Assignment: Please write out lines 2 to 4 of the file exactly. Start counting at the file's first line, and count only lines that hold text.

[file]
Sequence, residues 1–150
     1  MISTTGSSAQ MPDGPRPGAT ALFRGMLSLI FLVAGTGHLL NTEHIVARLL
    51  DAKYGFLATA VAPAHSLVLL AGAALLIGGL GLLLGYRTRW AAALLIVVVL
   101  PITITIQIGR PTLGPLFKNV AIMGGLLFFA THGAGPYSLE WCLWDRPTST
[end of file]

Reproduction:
     1  MISTTGSSAQ MPDGPRPGAT ALFRGMLSLI FLVAGTGHLL NTEHIVARLL
    51  DAKYGFLATA VAPAHSLVLL AGAALLIGGL GLLLGYRTRW AAALLIVVVL
   101  PITITIQIGR PTLGPLFKNV AIMGGLLFFA THGAGPYSLE WCLWDRPTST